[extropy-chat] MARS: Because it is hard
mlorrey at yahoo.com
Mon Apr 12 01:18:56 UTC 2004
--- Harvey Newstrom <mail at harveynewstrom.com> wrote:
> On Sunday, April 11, 2004, at 01:12 pm, Robert J. Bradbury wrote:
> > For the younger list members -- you may have had to
> > be there watching the Moon landings (I was 12 at the time)
> > to feel this.
> I was six years old. My father worked on the Apollo program. I grew
> up knowing the astronauts as family friends, seeing the launches
> on-site at NASA, and watching the moon landings live. Now I live in
> a world 35 years later where manned vehicles can't reach the moon
> anymore. I really miss the future.
So do I. I want my futurama, but, alas, it got wasted on Great Society
programs from the get-go, with Senators Mondale and Proxmire
complaining about "wasting all that money in space", as if there are
malls in orbit to blow vast wads in, rather than "here on Earth".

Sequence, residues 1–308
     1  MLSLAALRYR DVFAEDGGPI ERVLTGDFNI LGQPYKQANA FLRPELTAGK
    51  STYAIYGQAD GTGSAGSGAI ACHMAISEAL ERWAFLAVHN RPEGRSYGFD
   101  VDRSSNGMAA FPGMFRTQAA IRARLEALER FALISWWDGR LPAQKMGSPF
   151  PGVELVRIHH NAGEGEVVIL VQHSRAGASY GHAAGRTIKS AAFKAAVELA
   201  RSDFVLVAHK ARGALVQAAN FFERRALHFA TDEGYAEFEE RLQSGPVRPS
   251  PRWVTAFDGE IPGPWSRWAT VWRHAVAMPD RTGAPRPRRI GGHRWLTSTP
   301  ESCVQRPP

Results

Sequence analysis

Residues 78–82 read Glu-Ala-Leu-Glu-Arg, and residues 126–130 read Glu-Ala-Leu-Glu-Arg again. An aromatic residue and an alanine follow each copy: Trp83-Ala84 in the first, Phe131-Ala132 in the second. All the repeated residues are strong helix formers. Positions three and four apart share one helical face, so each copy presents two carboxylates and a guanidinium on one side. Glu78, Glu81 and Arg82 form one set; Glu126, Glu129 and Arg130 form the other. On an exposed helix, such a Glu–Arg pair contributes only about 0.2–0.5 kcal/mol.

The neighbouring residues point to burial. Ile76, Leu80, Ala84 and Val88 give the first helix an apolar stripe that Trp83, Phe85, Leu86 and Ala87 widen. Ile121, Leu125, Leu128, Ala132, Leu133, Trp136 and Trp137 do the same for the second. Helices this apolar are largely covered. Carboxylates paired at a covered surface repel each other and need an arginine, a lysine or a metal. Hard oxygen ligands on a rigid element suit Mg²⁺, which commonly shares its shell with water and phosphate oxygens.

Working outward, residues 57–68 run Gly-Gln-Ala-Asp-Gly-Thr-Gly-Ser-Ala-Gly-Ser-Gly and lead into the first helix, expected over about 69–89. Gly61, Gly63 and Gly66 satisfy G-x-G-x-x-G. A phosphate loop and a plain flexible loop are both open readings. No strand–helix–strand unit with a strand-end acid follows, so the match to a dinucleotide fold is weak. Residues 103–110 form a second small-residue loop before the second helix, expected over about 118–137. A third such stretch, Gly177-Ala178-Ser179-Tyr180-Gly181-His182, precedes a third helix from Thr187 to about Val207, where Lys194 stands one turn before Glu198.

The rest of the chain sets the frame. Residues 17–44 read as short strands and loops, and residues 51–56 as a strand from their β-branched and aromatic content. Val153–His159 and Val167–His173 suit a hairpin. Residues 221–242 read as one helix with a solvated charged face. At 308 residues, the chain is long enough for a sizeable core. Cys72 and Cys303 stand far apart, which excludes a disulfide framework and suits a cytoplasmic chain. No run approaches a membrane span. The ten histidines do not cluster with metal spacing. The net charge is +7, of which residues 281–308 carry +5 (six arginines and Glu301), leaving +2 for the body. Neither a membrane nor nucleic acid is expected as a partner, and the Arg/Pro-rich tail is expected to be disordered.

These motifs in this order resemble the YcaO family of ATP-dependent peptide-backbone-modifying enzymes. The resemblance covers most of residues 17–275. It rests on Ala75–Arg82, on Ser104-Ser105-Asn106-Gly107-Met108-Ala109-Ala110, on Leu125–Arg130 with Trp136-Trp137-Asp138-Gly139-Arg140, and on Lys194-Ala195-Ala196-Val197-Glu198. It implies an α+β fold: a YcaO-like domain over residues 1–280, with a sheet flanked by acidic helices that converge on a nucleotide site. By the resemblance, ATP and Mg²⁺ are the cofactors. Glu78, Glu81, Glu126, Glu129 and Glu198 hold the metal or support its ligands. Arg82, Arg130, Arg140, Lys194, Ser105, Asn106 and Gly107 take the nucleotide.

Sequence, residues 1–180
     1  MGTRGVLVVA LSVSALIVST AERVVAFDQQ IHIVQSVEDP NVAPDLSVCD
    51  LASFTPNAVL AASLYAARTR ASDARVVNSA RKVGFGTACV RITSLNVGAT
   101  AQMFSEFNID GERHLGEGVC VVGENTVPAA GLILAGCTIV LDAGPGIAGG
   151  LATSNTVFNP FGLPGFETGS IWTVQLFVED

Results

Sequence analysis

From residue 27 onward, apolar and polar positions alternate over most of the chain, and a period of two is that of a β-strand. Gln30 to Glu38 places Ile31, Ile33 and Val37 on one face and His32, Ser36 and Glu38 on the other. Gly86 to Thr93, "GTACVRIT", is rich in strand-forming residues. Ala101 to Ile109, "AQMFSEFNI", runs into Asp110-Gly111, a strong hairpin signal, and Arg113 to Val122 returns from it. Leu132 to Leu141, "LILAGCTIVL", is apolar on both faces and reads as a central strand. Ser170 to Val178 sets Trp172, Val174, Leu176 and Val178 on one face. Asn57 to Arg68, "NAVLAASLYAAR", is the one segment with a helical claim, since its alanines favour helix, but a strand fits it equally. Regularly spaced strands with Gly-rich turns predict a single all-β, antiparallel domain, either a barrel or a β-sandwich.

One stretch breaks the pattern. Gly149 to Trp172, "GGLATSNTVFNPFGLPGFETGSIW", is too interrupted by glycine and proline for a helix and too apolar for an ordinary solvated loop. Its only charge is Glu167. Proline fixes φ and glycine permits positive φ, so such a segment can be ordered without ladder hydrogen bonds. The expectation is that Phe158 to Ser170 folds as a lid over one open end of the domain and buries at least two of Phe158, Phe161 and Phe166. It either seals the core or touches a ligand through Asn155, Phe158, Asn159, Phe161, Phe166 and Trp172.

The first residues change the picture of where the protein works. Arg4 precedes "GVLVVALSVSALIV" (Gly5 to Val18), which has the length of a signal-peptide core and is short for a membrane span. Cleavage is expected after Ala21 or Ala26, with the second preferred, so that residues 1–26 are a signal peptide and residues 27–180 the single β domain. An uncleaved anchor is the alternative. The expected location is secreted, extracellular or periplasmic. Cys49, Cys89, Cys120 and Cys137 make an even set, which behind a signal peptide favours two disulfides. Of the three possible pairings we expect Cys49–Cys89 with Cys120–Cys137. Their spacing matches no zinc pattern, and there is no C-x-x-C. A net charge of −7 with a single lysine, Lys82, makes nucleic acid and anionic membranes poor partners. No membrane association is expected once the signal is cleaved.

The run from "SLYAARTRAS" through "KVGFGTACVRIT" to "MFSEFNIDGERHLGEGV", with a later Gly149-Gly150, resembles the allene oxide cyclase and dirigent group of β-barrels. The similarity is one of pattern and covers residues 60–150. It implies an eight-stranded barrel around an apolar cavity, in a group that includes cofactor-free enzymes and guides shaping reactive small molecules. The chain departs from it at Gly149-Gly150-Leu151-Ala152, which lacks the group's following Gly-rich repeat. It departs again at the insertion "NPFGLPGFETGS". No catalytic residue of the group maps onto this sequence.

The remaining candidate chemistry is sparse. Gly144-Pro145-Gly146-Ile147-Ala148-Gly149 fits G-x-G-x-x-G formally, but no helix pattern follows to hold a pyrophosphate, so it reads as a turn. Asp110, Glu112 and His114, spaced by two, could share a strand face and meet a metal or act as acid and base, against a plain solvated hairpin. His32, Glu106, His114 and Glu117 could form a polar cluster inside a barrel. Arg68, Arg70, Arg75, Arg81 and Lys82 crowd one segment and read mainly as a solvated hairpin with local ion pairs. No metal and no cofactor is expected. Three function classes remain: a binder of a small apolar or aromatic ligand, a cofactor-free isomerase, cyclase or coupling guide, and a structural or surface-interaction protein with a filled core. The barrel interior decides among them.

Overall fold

> > Note: I am not suggesting that Mars should be colonized.
> > It is simply too easy to dismantle once we have robust
> > nanotechnology. But for now exploration is a reasonable
> > thing to be doing.
> Shouldn't we explore first, before dismantling? You could be
> destroying the fossil record of an early branch of life in the solar
> system. I really would hate to see any planet destroyed before it
> was completely explored.
A very good point. Why can't a mass of nanogoo record every molecule's
placement as they are disassembled? A virtual planet accurate down to
the molecule is just as explorable....
That being said, I'd prefer to go an even more destructive route and
terraform Mars. Make lots of erosion and destructive organic processes.
Chairman, Free Town Land Development
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